Boss, an accomplished scientist at the Carnegie Institution for Science, has long contributed to NASA’s exoplanet exploration program (including as past chair of the executive committee of the program’s analysis group). In the book, he gives a comprehensive view of Kepler’s origins and contributions to our knowledge of possible life in the great beyond.
NASA retired Kepler late last year after it ran out of fuel. By then, the telescope had observed more than 530,000 stars and had traveled 94 million miles through space, according to NASA. Boss gives a brisk, detailed tour of its dizzying contributions to science. The book is packed with the budget woes and scientific celebrations (and acronyms) that make up life at NASA. It covers the agency insiders who are making discovery possible in tiny, sometimes frustrating steps. Each chapter is broken into small, vignette-type sections with such titles as “Can We Build It Any Faster?” and “Hey, I Had That Idea First.”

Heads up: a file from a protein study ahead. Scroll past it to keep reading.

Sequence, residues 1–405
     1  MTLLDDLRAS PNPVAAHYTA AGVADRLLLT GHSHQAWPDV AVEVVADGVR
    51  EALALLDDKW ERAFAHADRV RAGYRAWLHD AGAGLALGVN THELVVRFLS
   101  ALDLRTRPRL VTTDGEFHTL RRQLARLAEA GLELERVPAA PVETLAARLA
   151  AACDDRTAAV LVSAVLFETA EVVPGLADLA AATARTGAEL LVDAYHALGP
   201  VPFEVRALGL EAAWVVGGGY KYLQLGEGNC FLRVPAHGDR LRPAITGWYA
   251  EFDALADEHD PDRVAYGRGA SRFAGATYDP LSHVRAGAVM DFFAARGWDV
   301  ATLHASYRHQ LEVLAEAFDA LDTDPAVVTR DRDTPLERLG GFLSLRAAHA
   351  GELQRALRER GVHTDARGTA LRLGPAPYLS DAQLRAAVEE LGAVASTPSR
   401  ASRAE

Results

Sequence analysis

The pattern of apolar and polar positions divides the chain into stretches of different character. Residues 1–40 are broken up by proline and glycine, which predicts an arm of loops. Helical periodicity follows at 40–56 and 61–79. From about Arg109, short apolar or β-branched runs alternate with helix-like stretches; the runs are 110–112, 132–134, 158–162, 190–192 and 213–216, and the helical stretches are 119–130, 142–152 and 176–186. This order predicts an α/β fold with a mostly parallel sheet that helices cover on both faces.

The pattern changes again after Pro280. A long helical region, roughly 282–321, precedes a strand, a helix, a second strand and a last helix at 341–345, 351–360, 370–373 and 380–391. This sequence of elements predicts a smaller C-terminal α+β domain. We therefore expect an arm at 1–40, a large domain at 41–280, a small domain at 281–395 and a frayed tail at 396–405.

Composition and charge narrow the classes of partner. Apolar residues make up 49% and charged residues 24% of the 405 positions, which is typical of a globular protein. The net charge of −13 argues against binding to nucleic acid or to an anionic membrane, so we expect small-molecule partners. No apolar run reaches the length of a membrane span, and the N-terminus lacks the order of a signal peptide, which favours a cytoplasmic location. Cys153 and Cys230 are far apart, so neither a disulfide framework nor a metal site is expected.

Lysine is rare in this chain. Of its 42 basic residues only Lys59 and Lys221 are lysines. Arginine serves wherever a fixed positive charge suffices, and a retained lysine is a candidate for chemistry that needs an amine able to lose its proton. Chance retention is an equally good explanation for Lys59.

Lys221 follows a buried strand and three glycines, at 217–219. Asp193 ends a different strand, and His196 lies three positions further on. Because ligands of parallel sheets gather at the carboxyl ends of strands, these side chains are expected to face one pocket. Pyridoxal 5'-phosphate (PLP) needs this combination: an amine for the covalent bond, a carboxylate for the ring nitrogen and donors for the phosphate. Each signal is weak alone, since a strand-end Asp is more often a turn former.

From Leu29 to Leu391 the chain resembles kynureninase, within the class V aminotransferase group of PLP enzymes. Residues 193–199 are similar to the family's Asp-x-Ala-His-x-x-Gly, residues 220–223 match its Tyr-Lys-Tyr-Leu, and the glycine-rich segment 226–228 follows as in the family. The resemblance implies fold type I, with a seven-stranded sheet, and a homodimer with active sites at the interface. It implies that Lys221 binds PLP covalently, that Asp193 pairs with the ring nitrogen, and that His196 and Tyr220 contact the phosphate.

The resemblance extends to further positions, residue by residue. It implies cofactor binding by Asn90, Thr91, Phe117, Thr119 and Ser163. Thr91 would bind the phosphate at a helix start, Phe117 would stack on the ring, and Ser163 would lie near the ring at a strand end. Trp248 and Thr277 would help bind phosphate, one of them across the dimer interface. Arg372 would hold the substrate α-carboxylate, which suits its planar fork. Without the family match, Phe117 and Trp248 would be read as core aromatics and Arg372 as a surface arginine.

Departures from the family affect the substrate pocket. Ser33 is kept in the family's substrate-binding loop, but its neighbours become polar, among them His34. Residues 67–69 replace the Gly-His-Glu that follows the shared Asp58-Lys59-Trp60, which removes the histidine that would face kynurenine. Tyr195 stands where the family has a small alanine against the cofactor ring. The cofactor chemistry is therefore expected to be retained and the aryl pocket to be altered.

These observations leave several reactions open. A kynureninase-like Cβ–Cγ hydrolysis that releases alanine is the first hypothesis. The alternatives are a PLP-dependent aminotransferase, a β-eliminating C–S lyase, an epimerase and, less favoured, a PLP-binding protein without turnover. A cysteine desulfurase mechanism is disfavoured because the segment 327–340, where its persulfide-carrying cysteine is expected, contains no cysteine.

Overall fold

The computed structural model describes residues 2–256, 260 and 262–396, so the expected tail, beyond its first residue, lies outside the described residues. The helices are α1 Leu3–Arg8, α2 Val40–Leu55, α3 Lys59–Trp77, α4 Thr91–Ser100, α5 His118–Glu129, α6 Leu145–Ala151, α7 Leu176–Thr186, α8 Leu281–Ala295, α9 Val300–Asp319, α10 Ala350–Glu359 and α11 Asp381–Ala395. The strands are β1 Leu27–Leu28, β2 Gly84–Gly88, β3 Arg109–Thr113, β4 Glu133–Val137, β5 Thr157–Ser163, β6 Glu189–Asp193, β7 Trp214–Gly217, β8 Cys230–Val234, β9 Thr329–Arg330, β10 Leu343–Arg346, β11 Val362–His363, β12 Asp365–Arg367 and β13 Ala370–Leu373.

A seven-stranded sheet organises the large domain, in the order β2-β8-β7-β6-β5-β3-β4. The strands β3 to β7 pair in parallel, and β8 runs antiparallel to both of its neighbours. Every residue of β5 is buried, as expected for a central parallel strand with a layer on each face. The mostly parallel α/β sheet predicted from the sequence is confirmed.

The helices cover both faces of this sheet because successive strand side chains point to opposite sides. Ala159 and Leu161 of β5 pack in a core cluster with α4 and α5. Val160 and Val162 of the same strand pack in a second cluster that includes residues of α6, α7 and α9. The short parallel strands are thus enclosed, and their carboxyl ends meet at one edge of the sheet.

These bite-sized segments make the fire hose of material accessible. So does his conversational tone. Reading the book is like sitting in the office with someone who’s eager to explain the ins and outs of the science and the program.
Boss also has an upbeat take on what comes next thanks to Kepler.
“We now know that Earthlike planets are universal, and we expect that life will be just as universal,” he says.